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Proposed O‘ahu Rail Stations are Billion-Dollar Bungle

June 27, 2013
John Bond - Ewa, O‘ahu , Maui Weekly

Why are we building a railway in areas where our best scientific evidence shows that all of the roads and access points near the stations (at least five or six downtown station alone) will likely be either under water or at the point of swampland where ground water is coming to the surface or where rain water won't drain away?

This is a "Billion Dollar Bungle" and unbelievably bad planning based upon the evidence. I cannot at all see how HART and the City of Honolulu can justify this!

According to "Climate Change Transportation Vulnerability: Workshop Outcomes for Hawai'i: March 8-9, 2011" (files.hawaii.gov/dbedt/op/czm/ormp/working_group/meeting_presentations/wg_presentation_20110707_Climate_Change_Transportation_Vulnerability_OMPO.pdf), rainfall (minus 15 percent) and stream discharge have decreased, air temperature is increasing, rainstorm intensity has increased (plus 12 percent), sea surface temperature is rising, the ocean has grown more acidic, sea level is rising, and the water table will also rise, potentially affecting roadway foundations and aquifer integrity.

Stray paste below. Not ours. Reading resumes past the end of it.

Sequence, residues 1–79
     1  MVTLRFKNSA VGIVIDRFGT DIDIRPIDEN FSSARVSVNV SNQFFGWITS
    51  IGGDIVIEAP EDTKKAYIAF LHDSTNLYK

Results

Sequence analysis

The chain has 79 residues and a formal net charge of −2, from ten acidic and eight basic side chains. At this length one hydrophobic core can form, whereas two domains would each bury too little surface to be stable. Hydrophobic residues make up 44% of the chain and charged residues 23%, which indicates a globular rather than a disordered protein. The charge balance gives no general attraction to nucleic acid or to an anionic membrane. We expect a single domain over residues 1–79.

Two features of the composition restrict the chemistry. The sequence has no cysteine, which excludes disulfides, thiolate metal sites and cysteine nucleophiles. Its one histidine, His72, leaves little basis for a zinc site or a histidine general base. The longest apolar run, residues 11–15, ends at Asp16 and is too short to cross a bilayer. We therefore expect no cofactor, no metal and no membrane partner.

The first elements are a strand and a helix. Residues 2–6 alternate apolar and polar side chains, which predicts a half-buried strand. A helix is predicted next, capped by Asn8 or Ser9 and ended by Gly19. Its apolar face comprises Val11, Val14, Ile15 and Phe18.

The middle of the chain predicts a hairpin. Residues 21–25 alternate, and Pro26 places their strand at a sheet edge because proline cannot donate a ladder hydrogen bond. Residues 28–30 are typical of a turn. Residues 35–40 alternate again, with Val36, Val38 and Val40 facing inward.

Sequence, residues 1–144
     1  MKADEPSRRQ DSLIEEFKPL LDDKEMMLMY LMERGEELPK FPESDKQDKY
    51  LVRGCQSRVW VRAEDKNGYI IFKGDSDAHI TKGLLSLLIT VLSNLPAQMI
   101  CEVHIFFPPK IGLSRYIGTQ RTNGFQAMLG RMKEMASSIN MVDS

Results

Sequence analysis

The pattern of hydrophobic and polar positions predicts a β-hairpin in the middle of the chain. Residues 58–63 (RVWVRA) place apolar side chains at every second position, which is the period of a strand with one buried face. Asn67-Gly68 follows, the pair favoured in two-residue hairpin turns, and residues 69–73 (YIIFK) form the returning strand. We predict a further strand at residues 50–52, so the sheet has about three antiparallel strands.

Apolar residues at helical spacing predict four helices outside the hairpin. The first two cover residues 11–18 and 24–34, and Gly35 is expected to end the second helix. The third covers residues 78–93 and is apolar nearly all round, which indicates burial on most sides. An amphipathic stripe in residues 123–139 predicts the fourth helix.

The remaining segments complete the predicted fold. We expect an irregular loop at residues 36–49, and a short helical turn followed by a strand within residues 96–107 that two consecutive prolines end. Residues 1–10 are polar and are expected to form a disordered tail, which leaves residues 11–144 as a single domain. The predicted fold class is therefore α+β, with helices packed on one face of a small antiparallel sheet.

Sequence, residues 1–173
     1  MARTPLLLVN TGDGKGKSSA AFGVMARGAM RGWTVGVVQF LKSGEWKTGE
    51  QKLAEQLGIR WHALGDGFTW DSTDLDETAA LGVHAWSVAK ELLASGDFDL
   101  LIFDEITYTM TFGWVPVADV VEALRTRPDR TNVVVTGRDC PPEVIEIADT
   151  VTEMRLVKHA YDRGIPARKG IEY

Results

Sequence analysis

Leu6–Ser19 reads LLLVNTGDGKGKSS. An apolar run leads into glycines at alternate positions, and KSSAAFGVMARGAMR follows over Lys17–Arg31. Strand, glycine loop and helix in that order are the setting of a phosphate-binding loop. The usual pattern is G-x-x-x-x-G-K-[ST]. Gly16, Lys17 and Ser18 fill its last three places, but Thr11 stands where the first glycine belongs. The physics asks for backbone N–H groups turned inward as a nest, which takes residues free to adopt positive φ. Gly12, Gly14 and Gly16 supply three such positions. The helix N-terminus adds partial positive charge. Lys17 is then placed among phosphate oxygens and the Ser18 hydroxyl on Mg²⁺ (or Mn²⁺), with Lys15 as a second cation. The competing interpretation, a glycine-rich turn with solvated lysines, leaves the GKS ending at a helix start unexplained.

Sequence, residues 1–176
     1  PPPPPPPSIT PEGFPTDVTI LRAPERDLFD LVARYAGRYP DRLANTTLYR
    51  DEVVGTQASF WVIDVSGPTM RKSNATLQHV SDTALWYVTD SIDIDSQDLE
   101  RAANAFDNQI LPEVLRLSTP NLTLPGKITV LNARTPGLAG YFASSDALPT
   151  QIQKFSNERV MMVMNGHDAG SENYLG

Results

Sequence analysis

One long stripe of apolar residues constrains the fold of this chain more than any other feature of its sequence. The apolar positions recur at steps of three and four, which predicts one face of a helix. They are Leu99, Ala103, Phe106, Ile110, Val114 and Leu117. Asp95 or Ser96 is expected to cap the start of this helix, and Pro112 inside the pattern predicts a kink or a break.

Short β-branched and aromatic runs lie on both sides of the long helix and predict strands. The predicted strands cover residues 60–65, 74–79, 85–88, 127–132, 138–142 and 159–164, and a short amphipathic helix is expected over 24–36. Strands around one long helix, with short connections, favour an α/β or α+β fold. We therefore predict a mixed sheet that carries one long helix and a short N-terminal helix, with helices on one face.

Vulnerable infrastructure? Hawai'i Kai, Waikiki, Kalihi, airport industrial area roads, North Nimitz, Dillingham, Ala Moana, Kapiolani, Kamehameha (Windward and North Shore) and Kalanianaole. This probably includes flooding of Ala Moana Boulevard, Nimitz Highway and Sand Island Access Road.

The Hickam-Holululu Airport Complex is vulnerable to flooding, storm intensity and sea-level rise, and is currently being affected. Flooding of runways and tarmac as well as roadways immediately adjacent to the airport could also affect much of O'ahu's existing critical infrastructure.

Also vulnerable are refineries, power generation and wastewater treatment plants (like Sand Island, which is extremely vulnerable.)

Sea-level rise may undermine roadway stability.

Sea level is rising now, and is likely to accelerate with a global sea-level rise of 2.5 to 6.2 feet by 2100. Hawai'i is near or slightly below (5 percent) the average global sea-level rise due to an incredibly fortunate wind current that pushes seawater away from the state. But this could easily change in the future.

 
 
 

 

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